by Melinda Gallo

Staying in Florence

One of the biggest worries for anyone who lives here is how to continue staying here legally or how to stay here legally if he/she is here illegally. When I first moved here, I didn't dream that I'd fall in love with Florence after being here only three days. I didn't get a visa at that time because I initially planned on staying three months to study Italian. And when I arrived this last time in 2004, I came prepared with a visa to stay for a year.

Since the day I arrived in Italy, I think I have only been relaxed for about nine months of each year, which is the duration of my permesso di soggiorno (permit to stay). After filing all the paperwork at the Questura (police station) to get my permesso di soggiorno, I worried that something would be wrong and that my application wouldn't be accepted. Then, once I got my permesso di soggiorno a month or two later, I felt great relief and tried to bask in it for as long as I could. Then a few months before I had to renew it, I once again found myself worried sick.

And so here I am again about to have my permesso di soggiorno expire and worrying more than is probably necessary or healthy about renewing it. To ease some of my worries today, I went to the Infopoint Migranti, which is an agency that helps stranieri (foreigners) to understand and to fill out the necessary paperwork we need to file in order to obtain a permesso di soggiorno or carta di soggiorno (stay card). It wasn't the first time I've gone to speak to someone there; I think I've been there at least three times including today.

I waited in the sala d'attesa (waiting room) along with about four other people. When it was my turn, the woman waved me to sit down in front of her, leaned over her desk, and smiled at me. I asked her, "Posso rinnovare il mio permesso di soggiorno un po' in ritardo? Cioè il giorno stesso o qualche giorno dopo la scadenza? (Can I renew my permit to stay a little late? Meaning the same day or a few days after the expiration date?)" I had read that for a year-long permesso di soggiorno, I am supposed to renew two months in advance. "Sì, non c'è problema. (Yes, that's not a problem.)," she responded and gently tapped my hand as she must have sensed my worry.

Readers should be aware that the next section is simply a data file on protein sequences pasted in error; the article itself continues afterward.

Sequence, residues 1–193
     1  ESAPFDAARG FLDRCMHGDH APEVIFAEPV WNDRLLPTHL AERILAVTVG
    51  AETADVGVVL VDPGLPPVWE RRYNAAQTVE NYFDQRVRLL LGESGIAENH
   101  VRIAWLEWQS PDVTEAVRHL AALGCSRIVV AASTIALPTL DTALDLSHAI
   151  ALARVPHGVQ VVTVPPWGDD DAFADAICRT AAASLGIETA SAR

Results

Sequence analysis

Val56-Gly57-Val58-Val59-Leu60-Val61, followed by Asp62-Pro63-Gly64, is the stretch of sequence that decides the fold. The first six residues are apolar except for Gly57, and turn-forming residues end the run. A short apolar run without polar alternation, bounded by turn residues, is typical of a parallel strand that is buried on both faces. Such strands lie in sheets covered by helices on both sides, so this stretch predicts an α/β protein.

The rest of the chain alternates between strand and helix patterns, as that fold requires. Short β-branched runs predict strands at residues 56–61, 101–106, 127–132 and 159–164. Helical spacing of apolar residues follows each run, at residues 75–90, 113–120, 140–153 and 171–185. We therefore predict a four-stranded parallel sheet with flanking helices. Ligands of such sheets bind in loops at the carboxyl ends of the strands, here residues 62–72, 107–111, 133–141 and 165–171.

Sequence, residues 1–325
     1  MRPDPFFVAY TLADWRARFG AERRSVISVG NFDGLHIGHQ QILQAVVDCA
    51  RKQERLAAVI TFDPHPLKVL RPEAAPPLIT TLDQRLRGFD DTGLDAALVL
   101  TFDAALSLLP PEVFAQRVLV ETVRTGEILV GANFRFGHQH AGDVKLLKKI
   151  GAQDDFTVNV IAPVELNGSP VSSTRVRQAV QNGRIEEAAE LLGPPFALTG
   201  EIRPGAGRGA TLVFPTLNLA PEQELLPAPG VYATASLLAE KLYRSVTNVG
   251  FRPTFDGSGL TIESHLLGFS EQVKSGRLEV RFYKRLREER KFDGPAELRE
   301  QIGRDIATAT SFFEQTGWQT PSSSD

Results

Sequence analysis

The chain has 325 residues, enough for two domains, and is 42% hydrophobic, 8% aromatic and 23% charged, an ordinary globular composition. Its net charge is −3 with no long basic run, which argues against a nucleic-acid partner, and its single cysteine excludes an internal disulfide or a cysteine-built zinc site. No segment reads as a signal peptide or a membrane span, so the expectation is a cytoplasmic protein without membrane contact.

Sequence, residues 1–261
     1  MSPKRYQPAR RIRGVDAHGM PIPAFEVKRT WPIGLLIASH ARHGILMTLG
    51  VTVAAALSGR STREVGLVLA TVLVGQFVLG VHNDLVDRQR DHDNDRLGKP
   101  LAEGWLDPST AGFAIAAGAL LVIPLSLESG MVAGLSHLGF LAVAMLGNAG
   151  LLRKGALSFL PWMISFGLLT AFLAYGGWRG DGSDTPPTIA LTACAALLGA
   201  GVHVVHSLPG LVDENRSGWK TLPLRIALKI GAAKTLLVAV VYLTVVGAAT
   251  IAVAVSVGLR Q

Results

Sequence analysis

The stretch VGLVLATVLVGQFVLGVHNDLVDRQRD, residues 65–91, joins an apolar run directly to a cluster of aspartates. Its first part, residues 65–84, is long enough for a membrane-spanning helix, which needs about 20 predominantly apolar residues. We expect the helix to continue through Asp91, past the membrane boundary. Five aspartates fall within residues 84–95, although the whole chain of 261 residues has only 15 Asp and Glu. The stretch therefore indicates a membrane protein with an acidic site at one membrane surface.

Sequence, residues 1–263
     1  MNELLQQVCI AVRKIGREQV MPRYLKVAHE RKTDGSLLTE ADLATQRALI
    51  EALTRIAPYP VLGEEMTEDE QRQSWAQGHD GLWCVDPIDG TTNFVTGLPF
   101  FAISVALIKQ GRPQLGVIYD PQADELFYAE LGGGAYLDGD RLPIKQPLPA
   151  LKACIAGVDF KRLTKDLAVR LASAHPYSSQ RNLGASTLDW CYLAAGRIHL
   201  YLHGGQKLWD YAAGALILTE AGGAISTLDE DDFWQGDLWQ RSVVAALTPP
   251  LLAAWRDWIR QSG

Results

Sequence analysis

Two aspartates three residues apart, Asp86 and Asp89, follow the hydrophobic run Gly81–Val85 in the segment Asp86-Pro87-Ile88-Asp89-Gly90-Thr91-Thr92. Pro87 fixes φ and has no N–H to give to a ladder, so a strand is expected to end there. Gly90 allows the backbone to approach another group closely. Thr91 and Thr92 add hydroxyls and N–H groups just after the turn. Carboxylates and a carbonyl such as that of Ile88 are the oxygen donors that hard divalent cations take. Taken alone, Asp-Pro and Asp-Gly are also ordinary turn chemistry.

I wasn't done with my questioning as I gave reasons as to why I'll be late. But, she kept reassuring me that it's not a problem. I left the office a bit more relaxed, but still thinking in the back of my head about what I need to get in order to file on time.

It is odd as this year I have three options available to me, which include renewing my existing permesso di soggiorno, converting it to another type of permesso di soggiorno, or obtaining a new one while I wait for my Italian citizenship, if they accept my application.

I thought at first that I was pretty lucky to have a few options available to me, but now that I'm stuck between the three, I find that it's even more stressful. It's all in choosing the right one and crossing my fingers tight enough to make sure it ends in my having another permesso di soggiorno for one more year. In two years, I'll be able to apply for a carta di soggiorno, which lasts five years.

I don't think I know one person here in Florence, unless that person is married to an Italian, who doesn't go through this permesso di soggiorno merry-go-round. Almost all of the expatriates I know talk about their permessi di soggiorno, what they did to get it, and how they're not looking forward to renewing it again.

In the end all the stress is worth it because when we receive our new permesso di soggiorno, we are able to live in one of the most enchanting cities in the world for a little bit longer.

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